• CFD, Fluid Flow, FEA, Heat/Mass Transfer

Navier-Stokes Equation for Solid Deformation

### Analogy between Solid Deformation and Fluid Flow

Example solutions in solid mechanics and strength of material, equivalence of Structural and Fluid Mechanics: At the fundamental level, the governing equations of fluid mechanics ("relatively LARGER" deformation and kinematics of fluids particles) and structural mechanics ("relatively SMALLER") deformation and kinematics of solid particles) are equivalent.   #### Stress-strain formula  #### Deflection of Beams

The layout of a general beam with varying cross-section is shown below. Differential equation of deflection curve: Deflection by Area-Moment Method: distance of point B on a beam from tangent at point A on the beam is equal to the moment with respect to the vertical through B of the area of the bending moment diagram between A and B divided by flexural rigidity EIZ. Bending of a trapezoidal plate or tapered beam subject to uniform pressure 'p': No analytical expression exists for these integrals. However, it can be integrated analytically if the tapered beam ends at zero widths (sharp edge) and is shifted to the tip instead of the base. In this case, BZ(x) = BL × (x/L).
For bending of circular disk supported at one of its diameter and under uniform pressure 'p', H = thickness of the plate and symmetric half is shown below: The deflection at any location x is given by: #### Bolted Joints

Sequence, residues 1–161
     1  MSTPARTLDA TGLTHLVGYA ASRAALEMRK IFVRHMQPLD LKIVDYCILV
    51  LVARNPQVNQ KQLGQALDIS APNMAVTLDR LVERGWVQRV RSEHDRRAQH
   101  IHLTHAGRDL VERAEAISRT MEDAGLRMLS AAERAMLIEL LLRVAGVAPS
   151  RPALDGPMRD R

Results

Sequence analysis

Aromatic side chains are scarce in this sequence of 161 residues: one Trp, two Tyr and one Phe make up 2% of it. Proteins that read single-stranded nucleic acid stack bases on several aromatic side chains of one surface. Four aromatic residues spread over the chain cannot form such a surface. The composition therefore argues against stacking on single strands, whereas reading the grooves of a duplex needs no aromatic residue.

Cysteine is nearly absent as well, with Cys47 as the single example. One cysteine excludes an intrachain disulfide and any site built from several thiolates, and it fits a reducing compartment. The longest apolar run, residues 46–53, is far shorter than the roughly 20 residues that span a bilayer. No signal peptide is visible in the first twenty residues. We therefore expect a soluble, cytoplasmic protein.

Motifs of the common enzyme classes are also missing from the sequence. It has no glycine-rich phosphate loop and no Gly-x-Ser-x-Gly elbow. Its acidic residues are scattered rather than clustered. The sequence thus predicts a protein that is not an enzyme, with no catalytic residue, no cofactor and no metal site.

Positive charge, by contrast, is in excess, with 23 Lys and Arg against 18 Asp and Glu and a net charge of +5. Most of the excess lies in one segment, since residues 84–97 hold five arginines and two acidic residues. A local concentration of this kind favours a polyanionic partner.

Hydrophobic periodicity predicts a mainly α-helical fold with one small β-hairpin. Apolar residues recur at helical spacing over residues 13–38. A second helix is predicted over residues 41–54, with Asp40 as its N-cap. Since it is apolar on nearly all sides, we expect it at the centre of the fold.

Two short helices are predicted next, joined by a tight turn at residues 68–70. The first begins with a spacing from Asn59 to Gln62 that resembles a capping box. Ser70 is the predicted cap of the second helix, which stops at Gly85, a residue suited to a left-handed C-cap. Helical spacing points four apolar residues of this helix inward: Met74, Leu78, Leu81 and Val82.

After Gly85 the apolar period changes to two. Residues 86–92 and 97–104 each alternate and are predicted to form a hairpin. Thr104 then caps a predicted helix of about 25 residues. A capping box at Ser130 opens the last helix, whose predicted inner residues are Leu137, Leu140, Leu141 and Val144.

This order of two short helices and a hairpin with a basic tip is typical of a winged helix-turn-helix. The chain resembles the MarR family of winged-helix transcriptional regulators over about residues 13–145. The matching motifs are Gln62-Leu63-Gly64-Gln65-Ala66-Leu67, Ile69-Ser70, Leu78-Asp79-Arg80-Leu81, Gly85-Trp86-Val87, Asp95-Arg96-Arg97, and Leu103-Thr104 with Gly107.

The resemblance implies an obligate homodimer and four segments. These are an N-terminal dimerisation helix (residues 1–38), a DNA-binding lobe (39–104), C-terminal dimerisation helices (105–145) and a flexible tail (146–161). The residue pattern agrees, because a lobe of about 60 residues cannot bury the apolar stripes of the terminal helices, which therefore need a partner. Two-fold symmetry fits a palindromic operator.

• Pre-load = tension in bolt (due to tightening) as net elongation of bolt which is difference of change in length of the bolt and compression of the clamped member.
• Service Load = external force acting on the clamped member.
• Bolted-joint Diagram: this is a "external force" vs. "bolt elongation" curve used to describe variation in clamping force with respect to applied force.

##### Mulitplication of Matrices
The mutliplication of matrices requires at least two loops and it becomes a bit complicated to chose the correct counter of indices to the arrays storing these matrices. The for loop to implement the steps and index notation defined above is as follows. The same operation using transpose of a matrix can be implemented in a bit different manner as shown below. The content on CFDyna.com is being constantly refined and improvised with on-the-job experience, testing, and training. Examples might be simplified to improve insight into the physics and basic understanding. Linked pages, articles, references, and examples are constantly reviewed to reduce errors, but we cannot warrant full correctness of all content.